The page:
What is the future of land reform in South Africa? What could happen by 2030? Click here to read more on four scenarios for land reform in South Africa.


Read more »

Land reform will remain a hot topic

Land reform in South Africa has and will continue to be a contentious topic. In resolving the inequalities of the past, the SA government undertook in 1994 to make sure landownership was more reflective of the demographics of the population.

The promise was to return land to the black and coloured people that had been taken away from them as a result of the 1913 Native Land Act, the 1950 Group Areas Act and other similar legislation during apartheid. The infamous 1913 Native Land Act restricted 80% of the SA population to 13% of the land based on race. Black Africans were restricted to small areas while the white minority was left in control of the remaining 87%.

After the first democratic elections in 1994, the government embarked on a land reform process involving land restitution, land redistribution and rural development. In correcting the wrongs of the past, the land redistribution policies sought to return land to those dispossessed of it through the 1913 Land Act. The 1994 Land Restitution Act was based on the ‘willing-buyer, willing-seller’ concept and land was to be bought from landowners, by the government, and then given back to those who were dispossessed by the 1913 act.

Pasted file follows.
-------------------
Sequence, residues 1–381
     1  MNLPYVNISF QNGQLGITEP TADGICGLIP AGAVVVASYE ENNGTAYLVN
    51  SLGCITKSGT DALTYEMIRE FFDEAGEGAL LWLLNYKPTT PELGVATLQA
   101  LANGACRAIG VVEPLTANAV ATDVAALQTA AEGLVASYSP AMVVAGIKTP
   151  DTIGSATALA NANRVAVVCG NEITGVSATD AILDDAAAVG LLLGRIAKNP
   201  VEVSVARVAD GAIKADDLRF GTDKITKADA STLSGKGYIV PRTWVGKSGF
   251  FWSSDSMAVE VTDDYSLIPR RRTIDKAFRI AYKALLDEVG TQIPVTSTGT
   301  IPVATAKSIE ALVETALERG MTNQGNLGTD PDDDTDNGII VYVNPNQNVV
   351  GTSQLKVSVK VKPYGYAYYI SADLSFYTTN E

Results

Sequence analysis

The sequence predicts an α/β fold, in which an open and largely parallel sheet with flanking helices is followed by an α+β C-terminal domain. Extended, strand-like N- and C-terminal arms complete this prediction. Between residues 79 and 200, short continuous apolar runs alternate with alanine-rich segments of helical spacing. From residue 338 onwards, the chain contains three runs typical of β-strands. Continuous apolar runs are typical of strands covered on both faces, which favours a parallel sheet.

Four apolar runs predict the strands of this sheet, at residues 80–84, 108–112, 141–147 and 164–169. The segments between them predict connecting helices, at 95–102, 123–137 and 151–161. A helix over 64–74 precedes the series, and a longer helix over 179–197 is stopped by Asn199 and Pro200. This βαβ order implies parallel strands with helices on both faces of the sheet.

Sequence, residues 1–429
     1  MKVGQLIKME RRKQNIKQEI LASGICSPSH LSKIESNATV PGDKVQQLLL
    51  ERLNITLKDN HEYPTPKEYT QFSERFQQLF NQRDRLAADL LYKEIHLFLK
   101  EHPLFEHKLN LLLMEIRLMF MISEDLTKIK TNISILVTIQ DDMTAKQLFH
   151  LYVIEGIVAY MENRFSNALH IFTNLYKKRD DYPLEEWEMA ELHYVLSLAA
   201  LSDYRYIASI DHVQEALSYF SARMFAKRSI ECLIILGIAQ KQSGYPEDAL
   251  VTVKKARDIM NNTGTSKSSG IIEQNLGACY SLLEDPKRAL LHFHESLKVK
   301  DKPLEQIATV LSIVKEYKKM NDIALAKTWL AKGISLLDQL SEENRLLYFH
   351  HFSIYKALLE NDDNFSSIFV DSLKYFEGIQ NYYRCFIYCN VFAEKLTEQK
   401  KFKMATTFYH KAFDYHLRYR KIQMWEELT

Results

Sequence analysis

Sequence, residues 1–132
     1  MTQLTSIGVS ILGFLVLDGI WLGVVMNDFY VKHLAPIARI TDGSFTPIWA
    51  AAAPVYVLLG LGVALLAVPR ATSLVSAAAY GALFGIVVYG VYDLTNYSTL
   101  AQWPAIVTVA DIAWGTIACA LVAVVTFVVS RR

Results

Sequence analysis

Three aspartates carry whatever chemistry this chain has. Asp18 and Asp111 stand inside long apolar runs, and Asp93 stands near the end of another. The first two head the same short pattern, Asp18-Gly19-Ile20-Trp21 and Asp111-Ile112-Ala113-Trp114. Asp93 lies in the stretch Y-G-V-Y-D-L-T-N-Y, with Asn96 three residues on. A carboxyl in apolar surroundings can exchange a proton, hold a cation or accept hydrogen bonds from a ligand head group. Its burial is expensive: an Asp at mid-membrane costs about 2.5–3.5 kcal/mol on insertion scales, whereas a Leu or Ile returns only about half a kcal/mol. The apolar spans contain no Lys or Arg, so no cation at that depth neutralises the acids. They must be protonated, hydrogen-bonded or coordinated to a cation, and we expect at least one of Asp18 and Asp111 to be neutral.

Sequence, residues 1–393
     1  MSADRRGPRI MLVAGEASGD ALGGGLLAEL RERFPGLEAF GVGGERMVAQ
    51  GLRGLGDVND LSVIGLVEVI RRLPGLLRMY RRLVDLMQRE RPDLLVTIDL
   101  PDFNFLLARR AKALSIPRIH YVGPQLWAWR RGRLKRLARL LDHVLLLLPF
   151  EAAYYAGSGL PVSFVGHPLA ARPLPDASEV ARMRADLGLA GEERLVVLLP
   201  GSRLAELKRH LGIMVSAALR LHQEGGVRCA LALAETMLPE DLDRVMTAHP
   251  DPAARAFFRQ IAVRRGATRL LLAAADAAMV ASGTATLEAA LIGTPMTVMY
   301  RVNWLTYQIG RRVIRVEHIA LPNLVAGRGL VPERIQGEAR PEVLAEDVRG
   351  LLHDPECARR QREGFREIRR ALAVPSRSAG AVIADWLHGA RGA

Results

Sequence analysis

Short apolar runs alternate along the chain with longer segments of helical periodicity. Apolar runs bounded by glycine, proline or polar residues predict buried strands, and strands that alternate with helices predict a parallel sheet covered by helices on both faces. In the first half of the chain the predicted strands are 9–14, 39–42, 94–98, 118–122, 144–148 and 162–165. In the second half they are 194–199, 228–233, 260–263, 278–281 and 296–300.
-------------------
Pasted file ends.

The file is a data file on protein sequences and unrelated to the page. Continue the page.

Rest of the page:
Unfortunately, the process has taken very long and encountered many problems. Another budget has come and gone. Now it is up to public servants to make sure that these figures are turned into services that will benefit the people of this country. Rural development and land reform received an increase of just 5%, to R9,46 billion, but the estimates of expenditure on the various elements seem to indicate a new line of thinking in the department.

The allocation for land reform has been hiked 3%, to R3,4 billion, in contrast to a 14% increase, to R3,4 billion, in funds for restitution and an 18% rise, to R1,2 billion, for rural development. The allocation for -administration has been reduced significantly, as has that for geospatial and cadastral services, by 15% to R508 million. These funds need to be used to settle outstanding land restitution claims and to acquire additional land to speed up land reform and recapitalise and develop the increasing number of distressed farms.

Using this budget wisely in this global financial crisis indicates a sensible maturation in attitude to the plight of land reform beneficiaries who struggle to access the finance necessary for developing their acquired land. This calls for a collective approach to rural development and land reform. There cannot be permanent stability if the land is not shared equitably among all South Africans. SA agriculture cannot be prosperous if commercial farmers are surrounded by poor people – hence the need to deal collectively with issues of transformation in agriculture.

Source Tshepo Diale (spokesperson, Department of Rural Development and Land Reform)

Back to Top